Skip to main content

Exosomes secreted by chemoresistant ovarian cancer cells promote angiogenesis



Ovarian cancer (OC) has the highest mortality rate in gynecologic tumors. Despite decades of continuous efforts, the survival rate of patients has not improved significantly, mostly due to drug resistance. Exosomes are hot topics in recent years. Cells can affect the biological behaviors of other cells by transferring exosomes. So far, numerous researchers have found that tumor cells can secrete exosomes which play a important role in the development of tumors. Solid tumors can promote angiogenesis. When drug resistance occurs, it seems that more blood vessels form. We suppose that exosomes derived from chemoresistant OC cells can also promote angiogenesis.


We investigate whether exosomes secreted by chemoresistant SKOV3-DDP cells (SKOV3-DDP-exo) and sensitive SKOV3 cells (SKOV3-exo) influence angiogenesis. After exosomes were extracted, exosomes were co-cultured with HUVECs. We found that SKOV3-DDP-exo and SKOV3-exo are absorbed by endothelial cells and promote the proliferation, migration, invasion and tube formation of endothelial cells. Moreover, SKOV3-DDP-exo is more powerful in angiogenesis, suggesting that parts of the components of SKOV3-DDP-exo are significantly radical. We also found that miR-130a was highly expressed in drug-resistant OC cells. Also, we found that miR-130a in SKOV3-DDP-exo is higher than SKOV3-exo. Therefore, we suggest that miR-130a in exosomes is the main cause of chemoresistant OC cells promoting angiogenesis.


Ovarian cancer (OC) ranks first in the mortality rate of gynecologic cancers. Because early symptoms are latent, most patients are found to be advanced. Standard treatment for advanced OC is cytoreductive surgery combined with cisplatin-based chemotherapy. Initially, the response rate of OC to cisplatin reaches 80% and chemotherapy has significantly inhibited tumor growth, however, due to drug resistance, up to 70% of patients will eventually relapse, the 5-year survival rate still remains at approximately 30% [1, 2]. Although many studies have been done to solve the problem, it is still far from enough to address tumor progression after drug resistance.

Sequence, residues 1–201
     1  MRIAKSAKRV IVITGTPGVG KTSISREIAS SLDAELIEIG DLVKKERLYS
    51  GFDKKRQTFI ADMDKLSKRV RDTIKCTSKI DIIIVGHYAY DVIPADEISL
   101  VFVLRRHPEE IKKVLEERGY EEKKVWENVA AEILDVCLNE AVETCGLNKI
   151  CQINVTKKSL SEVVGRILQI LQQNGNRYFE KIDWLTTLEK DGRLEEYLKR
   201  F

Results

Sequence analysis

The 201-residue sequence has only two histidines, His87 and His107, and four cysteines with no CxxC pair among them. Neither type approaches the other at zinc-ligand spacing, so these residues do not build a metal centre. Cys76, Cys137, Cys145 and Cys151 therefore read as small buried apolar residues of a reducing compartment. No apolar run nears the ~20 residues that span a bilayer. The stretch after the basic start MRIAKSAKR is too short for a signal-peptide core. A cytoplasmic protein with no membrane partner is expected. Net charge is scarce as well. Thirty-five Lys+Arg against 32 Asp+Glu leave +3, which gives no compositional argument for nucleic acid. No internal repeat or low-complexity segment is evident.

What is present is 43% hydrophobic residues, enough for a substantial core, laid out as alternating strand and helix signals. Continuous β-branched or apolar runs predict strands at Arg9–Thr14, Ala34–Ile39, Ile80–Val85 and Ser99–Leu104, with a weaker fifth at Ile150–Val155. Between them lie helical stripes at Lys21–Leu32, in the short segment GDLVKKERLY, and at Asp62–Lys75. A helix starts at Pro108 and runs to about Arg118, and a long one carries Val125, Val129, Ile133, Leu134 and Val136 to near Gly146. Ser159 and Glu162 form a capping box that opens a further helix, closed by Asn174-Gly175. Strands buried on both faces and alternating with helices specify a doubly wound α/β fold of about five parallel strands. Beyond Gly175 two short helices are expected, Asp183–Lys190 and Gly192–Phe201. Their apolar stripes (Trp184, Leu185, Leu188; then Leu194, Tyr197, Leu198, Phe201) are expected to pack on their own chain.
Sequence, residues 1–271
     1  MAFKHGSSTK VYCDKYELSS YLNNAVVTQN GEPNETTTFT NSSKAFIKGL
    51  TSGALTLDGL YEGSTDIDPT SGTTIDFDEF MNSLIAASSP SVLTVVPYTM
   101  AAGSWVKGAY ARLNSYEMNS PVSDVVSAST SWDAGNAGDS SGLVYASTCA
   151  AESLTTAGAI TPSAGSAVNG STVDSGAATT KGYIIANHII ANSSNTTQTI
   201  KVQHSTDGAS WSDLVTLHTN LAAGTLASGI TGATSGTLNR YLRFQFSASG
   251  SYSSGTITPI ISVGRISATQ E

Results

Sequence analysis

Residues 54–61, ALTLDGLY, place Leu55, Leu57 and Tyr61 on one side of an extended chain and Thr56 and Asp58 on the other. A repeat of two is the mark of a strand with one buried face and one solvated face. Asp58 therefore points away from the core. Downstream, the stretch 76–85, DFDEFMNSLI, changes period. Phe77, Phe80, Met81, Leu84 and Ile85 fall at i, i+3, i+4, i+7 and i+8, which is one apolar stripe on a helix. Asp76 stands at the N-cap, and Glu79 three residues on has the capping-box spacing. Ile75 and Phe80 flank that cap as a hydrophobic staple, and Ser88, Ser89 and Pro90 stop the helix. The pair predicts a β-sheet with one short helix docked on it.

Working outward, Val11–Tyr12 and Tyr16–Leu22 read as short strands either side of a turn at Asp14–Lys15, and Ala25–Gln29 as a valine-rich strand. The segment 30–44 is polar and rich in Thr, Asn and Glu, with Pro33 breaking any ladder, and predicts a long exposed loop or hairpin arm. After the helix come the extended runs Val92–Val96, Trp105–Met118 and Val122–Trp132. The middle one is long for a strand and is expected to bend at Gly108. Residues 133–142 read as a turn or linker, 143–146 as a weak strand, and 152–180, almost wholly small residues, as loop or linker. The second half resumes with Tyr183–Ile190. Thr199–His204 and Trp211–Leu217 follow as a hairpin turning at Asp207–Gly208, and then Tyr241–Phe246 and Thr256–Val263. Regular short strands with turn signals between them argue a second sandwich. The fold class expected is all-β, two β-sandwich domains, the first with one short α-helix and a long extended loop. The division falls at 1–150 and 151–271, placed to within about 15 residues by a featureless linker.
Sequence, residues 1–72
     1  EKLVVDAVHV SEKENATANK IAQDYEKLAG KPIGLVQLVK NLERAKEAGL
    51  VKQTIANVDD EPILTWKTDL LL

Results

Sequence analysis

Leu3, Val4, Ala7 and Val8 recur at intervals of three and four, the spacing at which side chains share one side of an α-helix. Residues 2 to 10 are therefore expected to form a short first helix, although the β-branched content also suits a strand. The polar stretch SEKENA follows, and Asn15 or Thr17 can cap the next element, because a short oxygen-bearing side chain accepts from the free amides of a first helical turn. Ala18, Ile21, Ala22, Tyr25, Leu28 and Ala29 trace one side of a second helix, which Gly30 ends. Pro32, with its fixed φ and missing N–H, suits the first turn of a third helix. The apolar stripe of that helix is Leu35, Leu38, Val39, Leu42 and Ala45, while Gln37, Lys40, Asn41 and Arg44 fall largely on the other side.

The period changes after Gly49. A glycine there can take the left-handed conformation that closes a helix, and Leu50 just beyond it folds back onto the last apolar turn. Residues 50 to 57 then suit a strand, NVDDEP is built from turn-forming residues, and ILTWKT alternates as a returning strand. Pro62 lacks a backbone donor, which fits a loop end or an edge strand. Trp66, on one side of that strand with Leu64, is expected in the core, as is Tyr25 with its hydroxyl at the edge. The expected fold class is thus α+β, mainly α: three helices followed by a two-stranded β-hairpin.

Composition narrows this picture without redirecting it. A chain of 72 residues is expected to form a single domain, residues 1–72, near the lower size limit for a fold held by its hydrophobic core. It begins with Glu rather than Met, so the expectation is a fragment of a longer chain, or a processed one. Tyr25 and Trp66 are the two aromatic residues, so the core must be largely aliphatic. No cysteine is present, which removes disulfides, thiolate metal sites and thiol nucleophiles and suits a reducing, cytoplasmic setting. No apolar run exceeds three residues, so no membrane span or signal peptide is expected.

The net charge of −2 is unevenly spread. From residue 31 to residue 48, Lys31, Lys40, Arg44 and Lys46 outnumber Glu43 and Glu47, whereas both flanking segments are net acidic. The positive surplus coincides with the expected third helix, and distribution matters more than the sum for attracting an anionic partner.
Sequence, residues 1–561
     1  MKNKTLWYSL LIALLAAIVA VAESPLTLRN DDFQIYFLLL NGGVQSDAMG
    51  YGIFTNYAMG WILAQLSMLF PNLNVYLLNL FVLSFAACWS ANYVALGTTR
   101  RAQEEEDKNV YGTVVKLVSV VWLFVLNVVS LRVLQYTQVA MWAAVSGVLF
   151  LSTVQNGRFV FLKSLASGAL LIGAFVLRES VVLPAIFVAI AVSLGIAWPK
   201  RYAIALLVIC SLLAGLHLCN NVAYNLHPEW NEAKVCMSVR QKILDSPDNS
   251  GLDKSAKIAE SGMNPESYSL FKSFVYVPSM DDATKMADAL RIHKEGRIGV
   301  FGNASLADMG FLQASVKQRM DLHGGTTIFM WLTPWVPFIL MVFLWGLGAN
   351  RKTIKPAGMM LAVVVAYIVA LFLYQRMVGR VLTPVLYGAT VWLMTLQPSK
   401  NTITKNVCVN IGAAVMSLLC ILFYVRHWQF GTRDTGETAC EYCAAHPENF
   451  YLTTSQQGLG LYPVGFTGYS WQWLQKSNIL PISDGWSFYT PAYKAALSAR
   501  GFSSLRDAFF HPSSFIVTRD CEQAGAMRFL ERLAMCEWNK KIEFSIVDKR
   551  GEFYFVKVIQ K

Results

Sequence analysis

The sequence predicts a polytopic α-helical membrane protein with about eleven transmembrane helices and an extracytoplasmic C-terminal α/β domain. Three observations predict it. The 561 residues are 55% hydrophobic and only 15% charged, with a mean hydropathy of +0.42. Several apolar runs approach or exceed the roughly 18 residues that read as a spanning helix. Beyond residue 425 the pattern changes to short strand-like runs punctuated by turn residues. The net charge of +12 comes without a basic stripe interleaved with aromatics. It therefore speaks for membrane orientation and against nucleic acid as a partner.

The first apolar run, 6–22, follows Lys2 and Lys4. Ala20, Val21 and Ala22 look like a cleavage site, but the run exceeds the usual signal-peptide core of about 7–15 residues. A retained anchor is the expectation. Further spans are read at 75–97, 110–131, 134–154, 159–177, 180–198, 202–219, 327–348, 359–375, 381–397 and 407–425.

Tumor progression not just depends on self-characteristics but also the interaction between tumor cells and stroma cells in the tumor microenvironment [3]. The tumor microenvironment consists of various types of cells, including endothelial cells, immune cells, fibroblasts and mesenchymal stem cells, etc [4, 5] Recent studies have found that exosomes play important role in cell-cell communication. Exosomes are vesicles with a diameter of 30–150 nm [6], rich in lipids, proteins, RNA and DNA. Various cells such as epithelial cells [7], neurons [8], T cells [9], B cells [10] can secrete exosomes. By fusing with cell membranes, exosomes are released into the extracellular microenvironment, then participate in cell-cell communication [11, 12]. Studies have found that exosomes mediate signal transduction between adjacent or distant cells and present in various body fluids such as human blood and urine [13, 14]. Tumor-derived exosomes empower to regulate tumor cell biological behaviors such as proliferation [5], immunomodulation [15], metastasis [16, 17], drug resistance [18], etc. Moreover, Riches et al. has revealed that breast cancer cells release 50% more exosomes than human mammary epithelial cells [19], which is consistent with OC, the number of exosomes isolated from the serum of patients is 5 times higher than that of patients with benign disease [20]. In addition, Safaei et al. found that chemoresistant OC cells released 2.6 times more exosomes than parental cells previously [21]. However, these mechanisms of these exosomes in tumor progression is unclear.